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Energy & the Law

Charles Sartain

Posts by Charles Sartain

This is Why You Need a Will

Posted in Land Titles, Title Issues

Co-author Brooke Sizer Let’s talk title disputes, especially ones between those with record title and those claiming title by possession: They are complicated (There were 229 defendants in today’s case) They happen when there is a lot of money to fight over ($2.7 MM in today’s case) They involve events that happened a long time ago The witness who can… Continue Reading

Frac(k)ing, Parr v. Aruba, and Minority Oppression

Posted in Hydraulic Fracturing, Litigation

WHAT IS IT, FRACING OR FRACKING? Having gone back-and-forth over how to spell the process, I’ve figured it out. Why it is “Fracing”: That’s what the engineers call it, and they’re the ones who do it.  Some law firm blogs stand fast with their friends and agree.  It’s a gerund:  A noun formed from a verb by adding “-ing”.  So… Continue Reading

Are Personal Injury Damages Available in a Nuisance Case?

Posted in Hydraulic Fracturing, Lease Disputes

Co-Author Maryann Zaki As promised, on May 22, today’s post is a study of the personal injury issues raised by the defendants in Parr v. Aruba. You will find a more detailed analysis here. In this post we raise the question and discuss what the parties believe the answer should be. The Havner Hurdle Merrell Dow Pharmaceuticals, Inc. v. Havner established hurdles to a… Continue Reading

Are Oil and Gas Producers Protecting the Environment?

Posted in Energy Policy, Environmental Policy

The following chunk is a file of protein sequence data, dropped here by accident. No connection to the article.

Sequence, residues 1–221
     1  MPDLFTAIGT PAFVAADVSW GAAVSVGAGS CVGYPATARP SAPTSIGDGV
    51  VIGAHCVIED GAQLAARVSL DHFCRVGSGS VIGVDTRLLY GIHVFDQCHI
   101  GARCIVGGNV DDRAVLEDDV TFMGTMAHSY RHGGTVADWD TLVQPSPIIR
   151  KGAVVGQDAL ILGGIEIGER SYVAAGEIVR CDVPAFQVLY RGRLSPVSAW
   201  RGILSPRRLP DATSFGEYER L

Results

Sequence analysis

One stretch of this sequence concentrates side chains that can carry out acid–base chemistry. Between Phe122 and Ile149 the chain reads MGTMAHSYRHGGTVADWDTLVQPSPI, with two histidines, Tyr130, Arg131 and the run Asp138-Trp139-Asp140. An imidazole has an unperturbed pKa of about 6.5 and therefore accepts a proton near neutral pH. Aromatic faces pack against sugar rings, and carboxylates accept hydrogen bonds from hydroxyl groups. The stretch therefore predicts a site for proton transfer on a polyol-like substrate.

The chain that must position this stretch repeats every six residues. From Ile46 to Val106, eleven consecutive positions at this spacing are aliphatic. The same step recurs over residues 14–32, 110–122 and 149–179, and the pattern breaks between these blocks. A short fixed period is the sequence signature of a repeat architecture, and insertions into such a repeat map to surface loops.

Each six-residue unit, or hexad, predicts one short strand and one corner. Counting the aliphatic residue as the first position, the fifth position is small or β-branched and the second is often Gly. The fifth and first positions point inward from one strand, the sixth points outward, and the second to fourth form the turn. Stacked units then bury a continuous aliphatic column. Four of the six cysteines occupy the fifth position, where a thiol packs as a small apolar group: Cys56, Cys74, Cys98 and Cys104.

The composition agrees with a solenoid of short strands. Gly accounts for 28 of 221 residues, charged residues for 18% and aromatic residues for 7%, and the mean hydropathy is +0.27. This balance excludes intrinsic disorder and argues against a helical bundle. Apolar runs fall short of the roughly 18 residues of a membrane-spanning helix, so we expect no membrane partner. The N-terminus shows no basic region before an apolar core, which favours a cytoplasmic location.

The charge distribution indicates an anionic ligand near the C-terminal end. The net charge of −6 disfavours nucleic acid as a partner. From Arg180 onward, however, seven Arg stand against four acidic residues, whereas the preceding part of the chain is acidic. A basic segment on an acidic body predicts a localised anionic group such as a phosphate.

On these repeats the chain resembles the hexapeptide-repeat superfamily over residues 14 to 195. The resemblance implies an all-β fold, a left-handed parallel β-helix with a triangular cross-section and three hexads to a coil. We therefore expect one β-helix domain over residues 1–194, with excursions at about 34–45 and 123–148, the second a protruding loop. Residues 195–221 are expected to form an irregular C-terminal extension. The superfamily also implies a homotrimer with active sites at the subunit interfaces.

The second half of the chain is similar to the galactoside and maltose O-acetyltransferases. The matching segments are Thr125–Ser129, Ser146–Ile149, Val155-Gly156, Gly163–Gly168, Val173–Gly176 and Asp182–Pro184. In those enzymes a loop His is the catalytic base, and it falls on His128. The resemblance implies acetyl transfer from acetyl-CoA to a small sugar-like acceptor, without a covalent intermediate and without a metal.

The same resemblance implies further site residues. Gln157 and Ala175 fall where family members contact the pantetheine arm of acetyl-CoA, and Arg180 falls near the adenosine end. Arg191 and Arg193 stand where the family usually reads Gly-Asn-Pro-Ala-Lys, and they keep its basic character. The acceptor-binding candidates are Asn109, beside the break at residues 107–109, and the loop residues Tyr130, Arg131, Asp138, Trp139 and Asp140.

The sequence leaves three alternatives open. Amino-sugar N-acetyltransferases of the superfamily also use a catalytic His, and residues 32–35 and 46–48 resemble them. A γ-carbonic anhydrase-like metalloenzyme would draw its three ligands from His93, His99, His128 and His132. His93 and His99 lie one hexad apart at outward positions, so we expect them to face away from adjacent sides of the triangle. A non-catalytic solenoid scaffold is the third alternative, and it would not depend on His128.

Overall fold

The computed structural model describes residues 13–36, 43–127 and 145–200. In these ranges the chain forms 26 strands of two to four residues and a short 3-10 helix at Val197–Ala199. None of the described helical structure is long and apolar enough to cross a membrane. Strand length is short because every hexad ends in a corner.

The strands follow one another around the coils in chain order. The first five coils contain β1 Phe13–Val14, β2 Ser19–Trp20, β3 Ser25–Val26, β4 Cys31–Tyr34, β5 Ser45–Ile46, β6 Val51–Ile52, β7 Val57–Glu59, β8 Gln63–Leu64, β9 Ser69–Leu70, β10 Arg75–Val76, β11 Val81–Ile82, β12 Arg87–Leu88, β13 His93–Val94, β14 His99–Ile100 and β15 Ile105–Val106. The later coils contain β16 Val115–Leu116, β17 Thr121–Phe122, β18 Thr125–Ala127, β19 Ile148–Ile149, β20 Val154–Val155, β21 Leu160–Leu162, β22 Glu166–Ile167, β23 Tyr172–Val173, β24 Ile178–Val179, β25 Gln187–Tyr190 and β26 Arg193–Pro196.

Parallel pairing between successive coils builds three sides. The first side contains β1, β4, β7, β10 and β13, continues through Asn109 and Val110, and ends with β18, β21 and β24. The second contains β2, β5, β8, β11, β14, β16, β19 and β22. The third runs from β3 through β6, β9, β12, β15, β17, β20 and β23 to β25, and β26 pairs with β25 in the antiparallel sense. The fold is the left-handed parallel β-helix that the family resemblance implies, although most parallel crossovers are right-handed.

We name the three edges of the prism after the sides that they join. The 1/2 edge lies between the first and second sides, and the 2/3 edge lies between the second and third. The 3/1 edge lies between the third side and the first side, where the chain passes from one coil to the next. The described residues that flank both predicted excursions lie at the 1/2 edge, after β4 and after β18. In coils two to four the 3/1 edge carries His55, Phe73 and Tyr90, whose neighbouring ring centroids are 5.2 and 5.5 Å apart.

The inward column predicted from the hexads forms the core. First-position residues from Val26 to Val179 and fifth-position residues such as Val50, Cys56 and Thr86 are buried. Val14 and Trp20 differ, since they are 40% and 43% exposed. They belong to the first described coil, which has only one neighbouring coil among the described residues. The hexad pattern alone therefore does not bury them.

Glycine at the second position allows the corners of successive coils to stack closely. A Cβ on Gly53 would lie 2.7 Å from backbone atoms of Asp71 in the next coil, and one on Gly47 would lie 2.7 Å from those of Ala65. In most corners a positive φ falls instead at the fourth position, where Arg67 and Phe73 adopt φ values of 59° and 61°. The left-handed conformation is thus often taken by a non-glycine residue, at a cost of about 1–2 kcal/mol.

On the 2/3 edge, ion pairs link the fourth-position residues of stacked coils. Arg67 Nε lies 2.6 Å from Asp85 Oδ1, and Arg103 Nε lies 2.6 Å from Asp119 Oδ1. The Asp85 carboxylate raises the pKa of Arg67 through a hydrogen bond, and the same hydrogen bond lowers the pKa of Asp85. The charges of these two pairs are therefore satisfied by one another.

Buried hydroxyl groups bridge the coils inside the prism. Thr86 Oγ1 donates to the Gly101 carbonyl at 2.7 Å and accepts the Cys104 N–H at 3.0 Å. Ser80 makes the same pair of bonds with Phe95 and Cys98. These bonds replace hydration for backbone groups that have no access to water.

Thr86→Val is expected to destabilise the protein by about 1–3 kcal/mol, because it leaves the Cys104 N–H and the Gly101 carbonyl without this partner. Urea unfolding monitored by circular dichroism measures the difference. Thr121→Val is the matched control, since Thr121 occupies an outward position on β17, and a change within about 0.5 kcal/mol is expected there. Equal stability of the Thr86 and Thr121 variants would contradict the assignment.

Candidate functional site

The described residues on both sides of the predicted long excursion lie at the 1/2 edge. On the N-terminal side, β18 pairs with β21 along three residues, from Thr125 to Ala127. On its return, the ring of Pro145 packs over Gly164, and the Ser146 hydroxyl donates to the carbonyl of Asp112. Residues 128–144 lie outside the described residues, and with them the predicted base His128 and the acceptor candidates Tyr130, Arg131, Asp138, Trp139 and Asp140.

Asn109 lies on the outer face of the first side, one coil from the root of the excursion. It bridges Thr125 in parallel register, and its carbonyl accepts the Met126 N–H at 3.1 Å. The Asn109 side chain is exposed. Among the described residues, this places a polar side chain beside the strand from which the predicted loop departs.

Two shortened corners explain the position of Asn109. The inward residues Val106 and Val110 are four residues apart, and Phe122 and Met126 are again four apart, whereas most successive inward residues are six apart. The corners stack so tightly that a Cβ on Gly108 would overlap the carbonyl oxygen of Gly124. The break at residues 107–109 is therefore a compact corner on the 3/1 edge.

In their search for Utopia, some opponents of oil and gas drilling ignore innovation … What’s harmful now will forever be that way. The Question That isn’t true, but it raises a question for producers: What are you doing to reduce the negative effects of your activities on the communities where you operate? The Answers Here are examples of the industry investing considerable time,… Continue Reading

Perils of “Other Provisions” in the Model Form JOA

Posted in Operating Agreements, Purchase and Sale Agreements

Scriveners, when you add those “Other Provisions” in Article XVI of your model from JOA’s, are you sure that the document remains internally consistent, that no “Other Provision” conflicts with the form? … Are you mindful of which of two related contracts will govern if there is a conflict in provisions? Did you choose the correct one?… Continue Reading

Operator Wins JOA Fight

Posted in Contract Disputes, Operating Agreements

MDU Barnett Ltd. P’ship v. Chesapeake Exploration Ltd. P’ship is at least three things: The culmination of an unhappy relationship between an operator and non-operators. What happens when joint owners’ interests are not aligned. Predictable, given Texas law and the relationship of parties under the model form JOA. In 2005 Chesapeake and Conglomerate Gas entered into an Exploration and Development Agreement involving Barnett Shale properties…. Continue Reading

What’s Up at the Department of Energy?

Posted in Energy Policy

Who is that man on the right?           a.  Lineal descendant of  Wolfgang Amadeus Mozart,   b.  Reincarnation of Froederick Fronkensteen,     c.  Tootsie … in the later years,       d.  Ernest Moniz, Secretary of the U.S Department of Energy Other than Solyndra, what comes to mind when you consider the DOE (assuming… Continue Reading

Condition Precedent Sinks Chesapeake

Posted in Contract Disputes

A condition precedent was the issue in Preston Exploration Company, et al v. Chesapeake Energy Corporation. This opinion was the result of the parties’ second visit to the federal Fifth Circuit Court of Appeals. In the first trip, the issue was whether the Purchase and Sale Agreement between the parties in a $110 million transaction satisfied the statute of… Continue Reading

Barnett Shale Drilling Increased North Texas Ozone – Fact or Fiction?

Posted in Environmental Policy, Hydraulic Fracturing

It’s been said that if you torture numbers, they will confess to anything. Perhaps we should call in a UN peacekeeping force to address the treatment of hydraulic fracturing in North Texas. A University of North Texas study presented to the North Central Texas Council of Governments by student Mahdi Ahmadi, working with his advisor… Continue Reading